Could Your Senior Loved One Be Ready for Assisted Living? Here's How to Tell

While your senior loved one may seem happy, healthy, and well-cared for at a glance, it's easy for children, grandchildren, friends, and relatives to miss signs that may indicate otherwise. If your senior loved one suddenly stops making his or her bed, locking the front door, or eating breakfast each morning, for instance, you might not think anything of it right away -- or you might assume it's a minor sign of growing older. However, seemingly minuscule details like these could mean your senior loved one may be ready for an assisted living community. To explore some of the behaviors that could indicate readiness for assisted living, read on.

Major Changes in Memory

According to Harvard Health Publishing, minor memory decline is normal as we grow older -- like forgetting certain words or the names of old friends. However, some cognitive changes--like forgetting how to operate a vehicle or regularly misplacing everday objects--are much more concerning. These changes in memory could indicate a serious type of brain disease such as Alzheimer's disease or dementia.

While seniors with early-stage dementia may be able to live alone with the right assistance and home modifications, others will be safer in an assisted living community or memory care facility. As such, it's important to keep an eye out for any major signs of cognitive impairment--and determine whether these changes could be the result of a brain disease or a prescription medication that your loved one may be taking.

Unintentional Weight Loss

If your senior loved one unintentionally loses weight or seems frailer than usual, a few factors could be to blame. These include:

  • A loss in energy or motivation that prevents your loved one from preparing meals.
  • Underlying medical concerns such as cancer, dementia, malnutrition, or depression.
  • A reduction or loss of smell or taste.
  • Social or financial concerns that prevent your loved one from shopping and buying groceries.

With a few changes to your loved one's kitchen, lifestyle, or shopping habits could be all your senior needs to stay healthy and nourished at home, these signs could also indicate a need for around-the-clock care at an assisted living facility.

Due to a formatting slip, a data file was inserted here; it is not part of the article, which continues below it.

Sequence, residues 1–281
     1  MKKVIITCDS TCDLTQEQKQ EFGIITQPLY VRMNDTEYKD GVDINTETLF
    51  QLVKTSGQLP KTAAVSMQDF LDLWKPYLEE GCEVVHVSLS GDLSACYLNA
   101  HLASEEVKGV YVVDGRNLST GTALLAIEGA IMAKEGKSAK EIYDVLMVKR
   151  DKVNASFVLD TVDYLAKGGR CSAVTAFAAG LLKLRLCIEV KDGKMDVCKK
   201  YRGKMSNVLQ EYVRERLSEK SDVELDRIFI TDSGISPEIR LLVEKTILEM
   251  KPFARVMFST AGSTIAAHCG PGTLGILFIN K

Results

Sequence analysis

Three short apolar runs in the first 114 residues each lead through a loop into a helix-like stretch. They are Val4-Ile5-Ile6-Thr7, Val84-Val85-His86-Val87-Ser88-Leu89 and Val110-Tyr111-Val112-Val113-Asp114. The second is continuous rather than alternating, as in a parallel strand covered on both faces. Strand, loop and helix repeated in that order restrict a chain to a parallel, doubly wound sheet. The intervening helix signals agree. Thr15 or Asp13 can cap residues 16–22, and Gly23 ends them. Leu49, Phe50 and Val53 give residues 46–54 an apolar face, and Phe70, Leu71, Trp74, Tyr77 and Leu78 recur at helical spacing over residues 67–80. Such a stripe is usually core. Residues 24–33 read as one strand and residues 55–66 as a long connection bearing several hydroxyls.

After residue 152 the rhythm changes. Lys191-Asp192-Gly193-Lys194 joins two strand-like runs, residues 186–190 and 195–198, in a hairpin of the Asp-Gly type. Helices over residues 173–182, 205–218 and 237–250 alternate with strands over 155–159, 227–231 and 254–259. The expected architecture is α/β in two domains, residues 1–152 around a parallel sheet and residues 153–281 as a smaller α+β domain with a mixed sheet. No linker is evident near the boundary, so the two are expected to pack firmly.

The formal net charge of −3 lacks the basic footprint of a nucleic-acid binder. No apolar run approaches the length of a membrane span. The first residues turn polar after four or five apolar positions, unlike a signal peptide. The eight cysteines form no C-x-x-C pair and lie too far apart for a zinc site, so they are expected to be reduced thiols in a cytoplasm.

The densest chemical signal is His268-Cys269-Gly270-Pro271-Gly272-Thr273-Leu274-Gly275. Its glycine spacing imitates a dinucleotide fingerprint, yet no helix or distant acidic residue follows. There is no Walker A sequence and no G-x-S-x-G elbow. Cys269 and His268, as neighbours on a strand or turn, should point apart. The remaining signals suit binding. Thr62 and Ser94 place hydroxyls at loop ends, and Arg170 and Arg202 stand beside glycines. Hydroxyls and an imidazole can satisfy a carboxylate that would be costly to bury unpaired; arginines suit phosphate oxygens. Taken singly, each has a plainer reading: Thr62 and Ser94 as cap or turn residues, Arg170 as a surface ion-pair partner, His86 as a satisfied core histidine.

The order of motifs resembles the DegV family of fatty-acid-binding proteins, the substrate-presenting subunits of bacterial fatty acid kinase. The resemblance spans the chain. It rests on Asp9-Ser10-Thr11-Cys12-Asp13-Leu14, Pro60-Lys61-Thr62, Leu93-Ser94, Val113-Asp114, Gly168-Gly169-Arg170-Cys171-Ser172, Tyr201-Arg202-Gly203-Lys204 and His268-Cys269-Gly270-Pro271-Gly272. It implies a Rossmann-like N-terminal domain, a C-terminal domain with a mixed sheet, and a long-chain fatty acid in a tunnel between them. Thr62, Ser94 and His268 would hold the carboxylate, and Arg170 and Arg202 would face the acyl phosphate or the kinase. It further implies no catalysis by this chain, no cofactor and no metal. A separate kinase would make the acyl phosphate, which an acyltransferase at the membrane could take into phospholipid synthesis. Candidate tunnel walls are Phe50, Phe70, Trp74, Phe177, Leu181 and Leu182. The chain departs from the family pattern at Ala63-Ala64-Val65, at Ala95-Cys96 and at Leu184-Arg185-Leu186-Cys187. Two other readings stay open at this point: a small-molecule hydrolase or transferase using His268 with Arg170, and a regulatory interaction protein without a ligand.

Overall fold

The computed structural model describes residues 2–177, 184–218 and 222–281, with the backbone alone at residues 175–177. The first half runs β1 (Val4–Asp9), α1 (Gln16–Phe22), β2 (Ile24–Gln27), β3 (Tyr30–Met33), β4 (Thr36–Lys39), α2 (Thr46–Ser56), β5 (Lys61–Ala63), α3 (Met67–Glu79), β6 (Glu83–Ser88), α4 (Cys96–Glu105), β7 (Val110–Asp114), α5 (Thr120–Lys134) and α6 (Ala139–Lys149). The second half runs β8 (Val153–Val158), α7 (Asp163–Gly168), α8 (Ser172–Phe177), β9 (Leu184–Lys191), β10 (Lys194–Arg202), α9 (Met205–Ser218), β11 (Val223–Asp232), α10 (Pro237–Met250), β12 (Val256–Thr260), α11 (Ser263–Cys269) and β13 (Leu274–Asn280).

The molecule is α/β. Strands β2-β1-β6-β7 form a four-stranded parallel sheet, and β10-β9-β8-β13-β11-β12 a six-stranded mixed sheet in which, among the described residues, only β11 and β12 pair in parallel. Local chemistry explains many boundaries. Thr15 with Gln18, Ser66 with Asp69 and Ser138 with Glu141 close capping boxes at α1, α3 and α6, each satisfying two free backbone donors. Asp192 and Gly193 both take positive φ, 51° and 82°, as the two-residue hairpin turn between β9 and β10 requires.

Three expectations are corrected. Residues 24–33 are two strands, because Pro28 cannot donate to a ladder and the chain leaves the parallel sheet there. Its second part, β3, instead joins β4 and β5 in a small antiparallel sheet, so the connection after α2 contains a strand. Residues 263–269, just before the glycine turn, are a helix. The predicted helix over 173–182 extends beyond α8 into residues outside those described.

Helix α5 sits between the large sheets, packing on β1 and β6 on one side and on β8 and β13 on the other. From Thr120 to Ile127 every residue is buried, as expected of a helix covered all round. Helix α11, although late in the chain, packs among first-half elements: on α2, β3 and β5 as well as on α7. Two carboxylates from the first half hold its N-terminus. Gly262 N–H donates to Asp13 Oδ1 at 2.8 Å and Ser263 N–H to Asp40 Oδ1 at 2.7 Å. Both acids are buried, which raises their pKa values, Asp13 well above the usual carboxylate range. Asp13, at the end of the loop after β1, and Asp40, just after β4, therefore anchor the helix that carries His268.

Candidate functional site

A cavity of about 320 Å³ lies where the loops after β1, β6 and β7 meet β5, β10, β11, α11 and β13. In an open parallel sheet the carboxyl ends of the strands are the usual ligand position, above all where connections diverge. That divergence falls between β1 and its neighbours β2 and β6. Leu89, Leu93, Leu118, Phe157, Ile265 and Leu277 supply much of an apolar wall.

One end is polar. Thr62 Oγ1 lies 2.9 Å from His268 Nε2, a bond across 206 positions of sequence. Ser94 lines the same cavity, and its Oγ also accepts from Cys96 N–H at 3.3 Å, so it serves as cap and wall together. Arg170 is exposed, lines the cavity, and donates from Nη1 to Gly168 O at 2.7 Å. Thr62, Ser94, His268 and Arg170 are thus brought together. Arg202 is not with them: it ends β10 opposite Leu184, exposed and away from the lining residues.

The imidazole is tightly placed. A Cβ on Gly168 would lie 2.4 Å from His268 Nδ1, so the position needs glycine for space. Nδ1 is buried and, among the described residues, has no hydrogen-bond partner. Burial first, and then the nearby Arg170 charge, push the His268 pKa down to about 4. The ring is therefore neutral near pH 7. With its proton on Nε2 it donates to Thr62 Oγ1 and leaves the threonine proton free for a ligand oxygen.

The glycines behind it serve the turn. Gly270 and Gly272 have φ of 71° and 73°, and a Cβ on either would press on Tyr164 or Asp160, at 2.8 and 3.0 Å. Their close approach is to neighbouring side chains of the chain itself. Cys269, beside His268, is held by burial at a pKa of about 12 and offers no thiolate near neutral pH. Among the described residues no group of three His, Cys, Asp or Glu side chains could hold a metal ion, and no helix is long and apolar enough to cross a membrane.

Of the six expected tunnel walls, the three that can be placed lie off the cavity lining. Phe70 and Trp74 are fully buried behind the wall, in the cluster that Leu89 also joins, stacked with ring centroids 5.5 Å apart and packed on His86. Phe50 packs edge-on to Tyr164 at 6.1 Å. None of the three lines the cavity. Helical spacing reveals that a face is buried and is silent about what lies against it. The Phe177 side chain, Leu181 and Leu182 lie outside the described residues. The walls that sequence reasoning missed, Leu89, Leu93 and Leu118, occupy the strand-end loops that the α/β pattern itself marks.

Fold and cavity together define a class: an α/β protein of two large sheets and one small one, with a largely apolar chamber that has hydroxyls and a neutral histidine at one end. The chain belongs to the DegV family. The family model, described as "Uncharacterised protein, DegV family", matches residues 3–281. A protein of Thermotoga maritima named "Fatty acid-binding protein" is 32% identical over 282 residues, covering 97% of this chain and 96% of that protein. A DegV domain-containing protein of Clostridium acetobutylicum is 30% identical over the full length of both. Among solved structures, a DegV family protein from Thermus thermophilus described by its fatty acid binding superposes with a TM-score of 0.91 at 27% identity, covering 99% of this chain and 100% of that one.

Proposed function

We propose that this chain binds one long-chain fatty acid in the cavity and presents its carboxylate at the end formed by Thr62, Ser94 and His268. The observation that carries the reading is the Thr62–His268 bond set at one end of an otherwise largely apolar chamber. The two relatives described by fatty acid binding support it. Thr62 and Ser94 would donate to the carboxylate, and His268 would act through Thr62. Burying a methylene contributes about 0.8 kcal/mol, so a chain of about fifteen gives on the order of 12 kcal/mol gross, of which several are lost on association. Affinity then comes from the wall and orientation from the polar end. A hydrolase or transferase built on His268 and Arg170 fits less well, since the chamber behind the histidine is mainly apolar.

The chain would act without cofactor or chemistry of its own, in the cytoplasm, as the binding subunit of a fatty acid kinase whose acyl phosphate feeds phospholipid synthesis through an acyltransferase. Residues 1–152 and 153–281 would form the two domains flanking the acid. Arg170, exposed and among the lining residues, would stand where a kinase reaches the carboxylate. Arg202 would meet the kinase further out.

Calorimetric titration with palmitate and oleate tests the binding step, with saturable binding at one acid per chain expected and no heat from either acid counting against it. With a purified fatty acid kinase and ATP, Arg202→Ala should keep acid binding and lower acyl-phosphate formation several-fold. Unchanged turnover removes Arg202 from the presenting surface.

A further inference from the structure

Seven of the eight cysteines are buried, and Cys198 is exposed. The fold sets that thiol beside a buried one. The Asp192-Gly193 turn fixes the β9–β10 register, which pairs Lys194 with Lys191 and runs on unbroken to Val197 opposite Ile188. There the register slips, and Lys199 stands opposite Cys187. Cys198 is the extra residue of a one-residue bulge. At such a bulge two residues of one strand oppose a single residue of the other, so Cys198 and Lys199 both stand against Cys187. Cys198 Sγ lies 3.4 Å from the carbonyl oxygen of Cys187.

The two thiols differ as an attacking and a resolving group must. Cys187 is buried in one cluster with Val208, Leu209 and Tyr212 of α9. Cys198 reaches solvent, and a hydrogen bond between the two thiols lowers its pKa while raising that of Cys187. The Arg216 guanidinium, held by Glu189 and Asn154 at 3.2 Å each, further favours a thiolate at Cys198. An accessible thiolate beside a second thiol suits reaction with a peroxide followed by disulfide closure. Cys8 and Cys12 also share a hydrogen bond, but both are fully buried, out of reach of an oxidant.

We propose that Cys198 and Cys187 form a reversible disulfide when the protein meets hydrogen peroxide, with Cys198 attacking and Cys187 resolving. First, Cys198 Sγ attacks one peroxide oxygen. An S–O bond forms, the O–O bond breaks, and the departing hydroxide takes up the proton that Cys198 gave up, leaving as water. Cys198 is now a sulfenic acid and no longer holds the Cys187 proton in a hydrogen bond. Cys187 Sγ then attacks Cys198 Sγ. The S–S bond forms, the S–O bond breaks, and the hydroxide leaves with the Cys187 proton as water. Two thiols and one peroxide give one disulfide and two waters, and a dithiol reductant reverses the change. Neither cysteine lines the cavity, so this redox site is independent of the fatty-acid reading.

Major Mobility Impairments

Whether your loved one falls and sustains an injury, develops a medical condition that limits his or her ability to move around freely, or experiences the worsening of an existing medical concern, any major mobility impairments could mean that your senior's house should be modified--or that it's time to downsize to a smaller home. If your loved one's mobility impairments become too difficult to manage or prevent him or her from performing normal daily activities, your loved one may need in-home assistance or around-the-clock care.

Tips for Discussing Assisted Living

If you fear that your loved one may be at risk of malnutrition, physical injury, isolation, or other potential dangers, it's time to talk to your senior about assisted living. Rather than waiting until your loved one falls and sustains a major injury, it's best to speak with your senior as soon as you notice any signs that could indicate a need for around-the-clock care or supervision.

Moreover, it's best to speak to seniors as sensitively and calmly as possible--and avoid making ultimatums or demands that they move into assisted living. While you only want what's best for your loved ones as they grow older, the transisition into assisted living should be their choice and not yours.

In Conclusion

Knowing when to talk to your senior loved one about assisted living isn't always easy, but it's important that you do so early on as possible. You and your loved one are unlikely to reach an agreement after one discussion alone, but introducing the topic sooner rather than later will give your senior plenty of time to consider the idea and determine whether it's the right move for him or her.

Our firm can help you find solutions with a Life Care Plan--a unique program that offers a multi-disciplinary team which includes an attorney and a care coordinator working together to provide legal care, care coordination, and patient advocacy.

Related Resources:

     

Lydia Chan

Alzheimer's Caregiver | [email protected]

 

"Alzheimer's caregivers are heroes." by Leeza Gibbons

 
Be the first to comment!
Post a Comment